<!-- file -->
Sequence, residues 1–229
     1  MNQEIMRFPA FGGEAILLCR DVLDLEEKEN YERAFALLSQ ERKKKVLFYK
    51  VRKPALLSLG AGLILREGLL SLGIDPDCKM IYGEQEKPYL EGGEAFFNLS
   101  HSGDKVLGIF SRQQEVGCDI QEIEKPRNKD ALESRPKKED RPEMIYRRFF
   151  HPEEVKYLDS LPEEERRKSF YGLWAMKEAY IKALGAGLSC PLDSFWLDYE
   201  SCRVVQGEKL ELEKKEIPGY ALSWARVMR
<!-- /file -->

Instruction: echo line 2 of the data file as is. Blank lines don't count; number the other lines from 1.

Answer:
     1  MNQEIMRFPA FGGEAILLCR DVLDLEEKEN YERAFALLSQ ERKKKVLFYK